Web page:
Live by the subsidy, die by the subsidy

6a00e55225079e8834013481782b84970c-400wiOne of the best things about this job is all the bright, shiny gadgets I get to play with and write about. Everybody, especially me, likes to see a steady stream of hot new phones coming from the big carriers, and lately they have been coming out faster than ever, at least one release every couple of weeks. It shows that the technology is progressing and gets people excited. It gives people like me stuff to write about. It is good for users who get more choice, good for phone vendors who sell more handsets…but is it good for the carriers? Does the hot new Android phone issued this week by Joe’s Telecom cannibalize the last hot new phone that Joe’s Telecom released just a couple weeks ago? Probably, and that will pose a problem for Joe.

There is no question that the carriers are feeling the downside of having so many popular phones available. Today AT&T announced that they were increasing the cost of swapping smartphones early from $75 to $200. That is quite an increase by anyone’s standards and many customers will certainly be cheesed off by it. Those customers will undoubtedly be the kind who read tech blogs like this one, as they will be the users prone to switching handsets early and often. However we all need to keep in mind that this increase (and the increases the other carriers will make to follow suit) may be essential to keep the flow of new devices that we all love coming.

In a memo to employees describing the change, AT&T justified it as follows:

This change to our exception pricing is necessary to maintain our ability to provide customers with the best selection of devices and maintain our leadership in the Smartphone category.

Of course the cynic in me snorts loudly at that comment; however, the more I turn it over in my head, the more it sounds pretty accurate.

I know such a view runs counter to the prevailing mood on the blogs over AT&T’s move, which amounts to “Go get a rope, boys!” However, before we start heating the tar we need to stop and consider what we mean when we discuss subsidized phones.

Each phone has a certain price that the vendor, for example HTC, sets. Most major phones these days have an unlocked fee of around $500. Next we can assume that the carriers like AT&T pay a bit less then that to the vendor. I don’t know for sure, but let’s say AT&T pays $400 each for the phones it buys in bulk. They then make these phones available to their subscribers, usually at a cost of around $200 or less these days with a data plan. Where did the other $200 go? That is the subsidy, the amount that the carrier is paying for you in the expectation they will make it back along with a tidy profit on the data and voice traffic they will bill you for. Most carriers will set the length of the contract to however long it takes them to make back the subsidy and whatever enormous percentage of profit they wish. After that you can swap to a new phone and start all over again.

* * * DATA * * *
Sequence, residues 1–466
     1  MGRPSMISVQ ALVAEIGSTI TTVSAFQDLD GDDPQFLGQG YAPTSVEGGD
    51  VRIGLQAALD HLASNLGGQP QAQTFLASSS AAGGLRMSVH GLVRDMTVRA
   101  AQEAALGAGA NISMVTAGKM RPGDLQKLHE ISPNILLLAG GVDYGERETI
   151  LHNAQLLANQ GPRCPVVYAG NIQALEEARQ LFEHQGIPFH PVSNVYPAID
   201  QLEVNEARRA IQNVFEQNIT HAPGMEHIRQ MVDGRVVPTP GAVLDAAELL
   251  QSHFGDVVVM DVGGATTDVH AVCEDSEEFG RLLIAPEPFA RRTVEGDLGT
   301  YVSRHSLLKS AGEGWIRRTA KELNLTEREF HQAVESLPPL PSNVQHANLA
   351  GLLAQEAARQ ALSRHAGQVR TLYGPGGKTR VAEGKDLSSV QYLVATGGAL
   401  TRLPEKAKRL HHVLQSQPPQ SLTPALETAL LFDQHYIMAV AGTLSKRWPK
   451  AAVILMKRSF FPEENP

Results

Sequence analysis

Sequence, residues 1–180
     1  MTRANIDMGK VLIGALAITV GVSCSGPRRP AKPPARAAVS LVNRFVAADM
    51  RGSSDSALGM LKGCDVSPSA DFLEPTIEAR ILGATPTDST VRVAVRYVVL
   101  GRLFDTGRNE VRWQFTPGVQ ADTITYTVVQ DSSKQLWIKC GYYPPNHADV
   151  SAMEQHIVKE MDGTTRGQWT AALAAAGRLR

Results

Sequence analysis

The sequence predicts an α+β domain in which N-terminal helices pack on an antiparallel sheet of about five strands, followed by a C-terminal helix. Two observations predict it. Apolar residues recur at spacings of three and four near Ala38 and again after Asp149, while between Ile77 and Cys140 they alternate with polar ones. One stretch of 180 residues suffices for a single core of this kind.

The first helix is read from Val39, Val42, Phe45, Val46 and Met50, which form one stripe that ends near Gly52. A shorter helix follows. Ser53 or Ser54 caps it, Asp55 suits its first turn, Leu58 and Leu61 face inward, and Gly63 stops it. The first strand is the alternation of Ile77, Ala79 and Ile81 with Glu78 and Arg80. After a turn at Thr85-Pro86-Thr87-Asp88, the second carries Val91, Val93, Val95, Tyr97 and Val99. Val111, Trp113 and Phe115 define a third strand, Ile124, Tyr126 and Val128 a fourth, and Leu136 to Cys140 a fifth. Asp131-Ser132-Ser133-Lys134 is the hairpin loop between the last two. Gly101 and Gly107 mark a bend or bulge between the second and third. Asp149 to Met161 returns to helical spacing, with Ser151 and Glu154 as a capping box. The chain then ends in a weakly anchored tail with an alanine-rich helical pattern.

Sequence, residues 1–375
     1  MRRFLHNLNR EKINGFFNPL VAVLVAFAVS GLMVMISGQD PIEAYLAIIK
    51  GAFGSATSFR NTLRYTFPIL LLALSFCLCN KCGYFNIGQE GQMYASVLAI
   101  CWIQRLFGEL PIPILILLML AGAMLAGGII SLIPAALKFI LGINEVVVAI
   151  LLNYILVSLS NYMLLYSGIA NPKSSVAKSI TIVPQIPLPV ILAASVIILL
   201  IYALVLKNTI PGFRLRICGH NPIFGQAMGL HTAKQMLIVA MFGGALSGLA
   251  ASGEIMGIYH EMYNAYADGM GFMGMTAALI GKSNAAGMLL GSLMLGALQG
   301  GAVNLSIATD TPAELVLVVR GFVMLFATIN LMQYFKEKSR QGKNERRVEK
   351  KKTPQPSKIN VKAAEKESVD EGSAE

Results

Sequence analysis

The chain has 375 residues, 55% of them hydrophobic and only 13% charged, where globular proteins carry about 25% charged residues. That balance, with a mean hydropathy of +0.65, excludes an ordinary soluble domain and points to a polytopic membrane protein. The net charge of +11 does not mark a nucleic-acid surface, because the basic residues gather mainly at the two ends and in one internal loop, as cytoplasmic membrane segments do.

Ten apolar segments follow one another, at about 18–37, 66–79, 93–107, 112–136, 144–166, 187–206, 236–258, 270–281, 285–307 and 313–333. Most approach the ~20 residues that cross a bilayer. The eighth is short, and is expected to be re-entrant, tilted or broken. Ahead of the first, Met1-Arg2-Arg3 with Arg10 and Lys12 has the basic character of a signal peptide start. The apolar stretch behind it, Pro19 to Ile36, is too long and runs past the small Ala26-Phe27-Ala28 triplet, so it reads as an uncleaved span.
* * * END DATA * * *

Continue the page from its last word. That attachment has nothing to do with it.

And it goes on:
However, if you swap phones before the subsidy has been covered, then the entire process breaks down. After all, you will still have the same data plan if you change phones three times in three months, the carrier will be making the same amount of money from you but will have paid three times the subsidy, which will cut heavily into their profit margin, and they won’t like that. They won't like that one little bit.

If they make less profit because some users are tempted to swap phones often due to the pace of new releases, the carriers will slow the pace. If their subscribers who bought the new, shiny HTC Droid Halibut running Android 6.5 (S’more) are likely to swap phones early because just two weeks after the Halibut is released the Samsung Galaxy Express 999 running Android 7.0 (Spotted Dick) will be released, then the carrier will either just not offer the Galaxy Express 999 when it comes out or pressure Samsung to delay the new phone or Google to delay the new Android version. Since without the carriers playing ball, these vendors would likely be locked out of the US market, they comply. Either way, we get less shiny, and that is bad.

The increase in the swapping fee is due to the fact that AT&T knows how many hot phones are out there now, with many more coming by the end of the year. From a business standpoint, they need to either increase the swapping fee to protect themselves from the profit hit swapping will cause them, or simply cut down on the new phones. It’s that simple.

Lord knows I am not going to defend AT&T. Say what you want about them and it will probably be true. I am sure their profits are obscenely excessive and I know their network quality is a disgrace, but business is business. I don’t really care how much lucre AT&T rakes in as long as we get our toys, and I fear that this fee increase is likely essential to keep our toy fixes coming at the current rate. There are plenty of reasons to hate AT&T, but this increase may not be one of them.

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Zealot Benmergui

Zealot is a former contributing editor at Pocketables.

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